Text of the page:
News

Taking Water and Selling it Back

by Christian Vits   /  Southeast Asia Globe

Bernard Forey has worked in a variety of industries around the world, from searching for oil in the Sahara. He arrived in Southeast Asia in 1963, and promptly exploited the growing timber industry, and in 2010 launched Eau Kulen.

Bernard Forey has worked in a variety of industries around the world, from searching for oil in the Sahara. He arrived in Southeast Asia in 1963, and promptly exploited the growing timber industry, and in 2010 launched Eau Kulen. (Sam Jam)

It was a business idea by chance. “When we first came to Cambodia, we were looking for a plantation,” said Bernard Forey, the founder of the country’s first locally sourced mineral water producer, Kulara Water. “The idea came one day when I was with my son who is a pilot. We flew over Phnom Kulen and I saw there was a waterfall at the top of it. I said: ‘We must try to find water at the foot of the mountain.’ This is how we started. Just by luck.”

Four years later Forey’s company now fills 6,000 to 7,000 bottles per hour with mineral water from Phnom Kulen, a mountain in northeastern Cambodia. The bottles are then sold under the brand name Eau Kulen. By the end of the year, the 85-year-old will have invested $10 million in the plant, which is run by a Frenchman and employs 36 Cambodians.

“We want to become the number one mineral water producer in Cambodia,” Forey said. “We plan to take 15% of the overall Cambodian bottled water market within three to five years.” He estimates Cambodia’s market for mineral and purified water at 500 million litres and expects annual growth rates of 5% to 10% in coming years. Currently, Kulara Water is focusing primarily on Cambodia but is already considering exporting water and building another production site in Myanmar where there is no local bottled mineral water yet.

In Cambodia, Eau Kulen competes with foreign brands such as Evian and San Pellegrino, which have to be shipped all the way from Europe. “We hope that the amount of imported water will decrease slowly because people realise that they can find something locally for the same quality and at a lower price,” Forey said.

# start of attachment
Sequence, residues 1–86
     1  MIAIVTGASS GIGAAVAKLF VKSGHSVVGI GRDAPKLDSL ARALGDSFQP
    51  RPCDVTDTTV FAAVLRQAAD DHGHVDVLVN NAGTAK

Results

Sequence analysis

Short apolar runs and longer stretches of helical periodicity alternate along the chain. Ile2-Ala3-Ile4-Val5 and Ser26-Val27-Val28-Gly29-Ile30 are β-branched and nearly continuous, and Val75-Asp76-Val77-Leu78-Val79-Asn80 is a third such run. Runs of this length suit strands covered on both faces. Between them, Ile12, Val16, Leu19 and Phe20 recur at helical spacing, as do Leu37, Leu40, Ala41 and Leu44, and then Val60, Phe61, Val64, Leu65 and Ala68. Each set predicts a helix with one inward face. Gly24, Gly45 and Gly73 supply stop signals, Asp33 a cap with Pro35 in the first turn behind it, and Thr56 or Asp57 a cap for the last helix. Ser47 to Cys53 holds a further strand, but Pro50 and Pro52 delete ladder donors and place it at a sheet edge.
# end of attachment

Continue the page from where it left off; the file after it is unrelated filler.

Local competitors, meanwhile, only sell purified water, which is slightly cheaper than Eau Kulen. “The problem is the competition of companies who are selling filthy water. This water mostly comes from the city and has been treated with a lot of chemicals, which is absolutely awful,” Forey claimed. “These companies are selling their water for between 50 and 70 cents for a 1.5 litre bottle. That means that [with Eau Kulen’s retail price of 70-80 cents] we are close. All these other drinking waters might be good for the battery of your car but not for your body,” he added with a smile.

Forey is a classic entrepreneur with a sense for opportunities. Before building his business in Cambodia, he set up a variety of enterprises including a tuna fishing and canning company in Indonesia, a hygiene products factory in Myanmar and a vineyard in Australia. Forey also launched a mineral water bottling plant in Vietnam – La Vie, now owned by Nestlé – and bought two more water companies in Australia. Once they were established, he sold the businesses. As Forey’s managing director, Jacques Marcille, a long-time business partner and friend, phrases it: “Bernard is an enthusiastic entrepreneur, but when the business is running by itself, he gets a bit bored and starts to think about the next project.”

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